Tungsten Carbide Uses & Properties

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Tungsten Carbide Uses & Properties 

Tungsten carbide is a compound composed of tungsten and carbon with a molecular formula of WC and a molecular weight of 195.85. Due to its excellent physical and chemical properties, tungsten carbide has been widely used in the industry and our everyday life. In this article, we will take a close look at tungsten carbide’s uses & properties.

Tungsten Carbide Uses

Tungsten Carbide Uses

Tungsten Carbide Physical Properties

The microhardness of the carbide is 17300 MPa, the elastic modulus is 710GPa, the compressive strength is 56MP, and the coefficient of thermal expansion is 6.9 × 10-6 / K. Tungsten Carbide is a black hexagonal crystal with metallic luster and hardness similar to diamond. It is a good conductor of electricity and heat. Pure tungsten carbide is fragile. If a small amount of titanium, cobalt, and other metals are added, the brittleness can be reduced.

Tungsten Carbide Chemical Properties

Tungsten carbide is insoluble in water, hydrochloric acid, and sulfuric acid, and easily soluble in the mixed acid of nitric acid and hydrofluoric acid. Tungsten carbide has a weak anti-oxidation ability, and it starts active oxidation in the air above 500 ℃.

Tungsten carbide does not interact with chlorine when it is below 400 ° C. It reacts violently with fluorine at room temperature and is oxidized into tungsten oxide when heated in the air.

Tungsten Carbide Uses

It is widely used for high-speed cutting turning tools, kiln furnace structural materials, jet engine components, cermet materials, resistance heating elements, etc.

Tungsten Carbide Uses

Tungsten Carbide Uses

Besides, it can be used to manufacture cutting tools, wear-resistant parts, and smelting crucibles for metals such as copper, cobalt, bismuth, and wear-resistant semiconductor films.

In addition, it can be used as a super-hard tool material and wear-resistant material. It can form a solid solution with many carbides. WC-TiC-Co cemented carbide tools have been widely used.

It can also be used as a modified additive of NbC-C and TaC-C ternary system carbides, which can not only reduce the sintering temperature, but also maintain excellent performance, and can be used as aerospace materials.

Furthermore, tungsten carbide (WC) powder can be synthesized by using tungsten anhydride (WO3) and graphite in a reducing atmosphere at a high temperature of 1400-1600 ° C. Then by hot pressing sintering or hot isostatic pressing sintering, dense ceramic products can be made.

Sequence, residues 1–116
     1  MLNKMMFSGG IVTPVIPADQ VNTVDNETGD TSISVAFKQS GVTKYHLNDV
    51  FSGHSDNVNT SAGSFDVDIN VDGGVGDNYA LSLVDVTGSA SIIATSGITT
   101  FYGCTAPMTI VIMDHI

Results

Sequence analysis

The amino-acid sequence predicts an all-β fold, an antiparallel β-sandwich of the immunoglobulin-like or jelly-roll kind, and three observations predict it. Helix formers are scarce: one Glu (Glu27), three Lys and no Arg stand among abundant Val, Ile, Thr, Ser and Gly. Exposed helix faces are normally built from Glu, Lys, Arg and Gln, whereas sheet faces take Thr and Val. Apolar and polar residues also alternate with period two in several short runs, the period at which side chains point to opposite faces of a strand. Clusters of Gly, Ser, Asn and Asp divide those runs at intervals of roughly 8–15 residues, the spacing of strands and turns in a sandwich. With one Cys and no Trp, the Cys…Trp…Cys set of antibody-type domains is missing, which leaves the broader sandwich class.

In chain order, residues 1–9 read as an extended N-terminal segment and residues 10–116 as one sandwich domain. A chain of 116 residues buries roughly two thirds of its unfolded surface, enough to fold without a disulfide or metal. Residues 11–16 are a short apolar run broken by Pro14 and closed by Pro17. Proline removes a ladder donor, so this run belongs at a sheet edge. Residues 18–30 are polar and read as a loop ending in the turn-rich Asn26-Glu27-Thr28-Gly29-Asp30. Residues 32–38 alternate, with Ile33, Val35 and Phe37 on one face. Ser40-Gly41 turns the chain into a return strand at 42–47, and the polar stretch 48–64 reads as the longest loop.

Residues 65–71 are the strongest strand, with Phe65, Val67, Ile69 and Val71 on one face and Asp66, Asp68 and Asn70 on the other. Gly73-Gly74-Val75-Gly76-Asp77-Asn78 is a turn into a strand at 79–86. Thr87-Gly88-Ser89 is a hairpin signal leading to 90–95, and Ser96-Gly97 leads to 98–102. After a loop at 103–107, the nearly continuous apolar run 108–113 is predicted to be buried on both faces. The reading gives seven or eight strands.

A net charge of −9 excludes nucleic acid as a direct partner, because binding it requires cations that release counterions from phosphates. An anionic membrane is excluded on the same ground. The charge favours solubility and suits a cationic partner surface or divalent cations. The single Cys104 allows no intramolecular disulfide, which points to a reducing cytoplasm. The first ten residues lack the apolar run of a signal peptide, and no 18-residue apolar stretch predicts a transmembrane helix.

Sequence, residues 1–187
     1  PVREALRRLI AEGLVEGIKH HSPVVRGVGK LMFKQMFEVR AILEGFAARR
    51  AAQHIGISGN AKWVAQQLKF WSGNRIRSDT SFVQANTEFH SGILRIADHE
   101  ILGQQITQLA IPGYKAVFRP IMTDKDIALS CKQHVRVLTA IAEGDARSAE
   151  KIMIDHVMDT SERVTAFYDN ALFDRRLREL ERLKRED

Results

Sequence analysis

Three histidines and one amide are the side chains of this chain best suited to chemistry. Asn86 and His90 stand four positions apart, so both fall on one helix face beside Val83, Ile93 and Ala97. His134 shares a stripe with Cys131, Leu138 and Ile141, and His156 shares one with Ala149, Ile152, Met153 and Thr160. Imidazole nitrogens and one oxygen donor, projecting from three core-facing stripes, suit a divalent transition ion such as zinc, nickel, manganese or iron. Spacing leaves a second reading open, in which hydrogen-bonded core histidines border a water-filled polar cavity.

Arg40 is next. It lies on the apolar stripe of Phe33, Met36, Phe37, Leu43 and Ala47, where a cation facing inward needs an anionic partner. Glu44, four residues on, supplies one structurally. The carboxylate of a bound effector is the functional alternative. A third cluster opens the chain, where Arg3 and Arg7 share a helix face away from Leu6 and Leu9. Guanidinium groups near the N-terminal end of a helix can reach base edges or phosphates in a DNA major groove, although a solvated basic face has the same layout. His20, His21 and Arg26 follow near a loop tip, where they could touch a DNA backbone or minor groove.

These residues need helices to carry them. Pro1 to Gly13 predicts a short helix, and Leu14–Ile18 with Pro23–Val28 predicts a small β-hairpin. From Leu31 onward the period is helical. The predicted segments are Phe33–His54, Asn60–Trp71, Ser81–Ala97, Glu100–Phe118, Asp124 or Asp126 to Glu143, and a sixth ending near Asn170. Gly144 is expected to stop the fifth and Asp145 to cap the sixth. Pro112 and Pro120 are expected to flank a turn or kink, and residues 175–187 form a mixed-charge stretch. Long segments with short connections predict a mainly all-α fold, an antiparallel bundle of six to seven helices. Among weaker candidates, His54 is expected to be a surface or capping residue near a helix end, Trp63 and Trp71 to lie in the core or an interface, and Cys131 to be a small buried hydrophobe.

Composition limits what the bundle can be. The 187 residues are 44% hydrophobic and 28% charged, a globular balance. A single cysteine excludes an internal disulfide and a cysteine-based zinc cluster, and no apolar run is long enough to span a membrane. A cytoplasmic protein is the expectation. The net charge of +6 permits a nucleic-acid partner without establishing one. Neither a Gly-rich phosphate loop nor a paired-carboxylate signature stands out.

A Brief History of the Development of Tungsten Carbide

Since 1893, German scientists have heated tungsten trioxide and carbon together in an electric furnace to a high temperature to produce tungsten carbide. And tried to use its high melting point, high hardness, and other characteristics to make wire drawing dies, etc., in order to replace diamond materials. However, due to the high brittleness, easy cracking, and low toughness of tungsten carbide, it has not been applied in industry.

In the 1920s, German scientist Karl Schroter found that pure tungsten carbide could not adapt to the intense stress changes formed during the drawing process. Only by adding low melting point metal to WC can the blank material have certain toughness without reducing the hardness.

Schroter first proposed the method of powder metallurgy in 1923, that is, mixing tungsten carbide with a small number of iron group metals (iron, nickel, cobalt), and then compression molding and sintering in hydrogen at a temperature above 1300 ℃ to produce hardness alloys.


Thank you for reading our article, and we hope it can help you have a better understanding of the tungsten carbide uses and properties. If you want to know more about tungsten and other refractory metals, you can visit Advanced Refractory Metals (ARM) for more information.

Headquartered in Lake Forest, California, USA, ARM is a leading manufacturer & supplier of refractory metals across the world, providing customers with high-quality refractory metals such as tungsten, molybdenum, tantalum, rhenium, titanium, and zirconium at a very competitive price.

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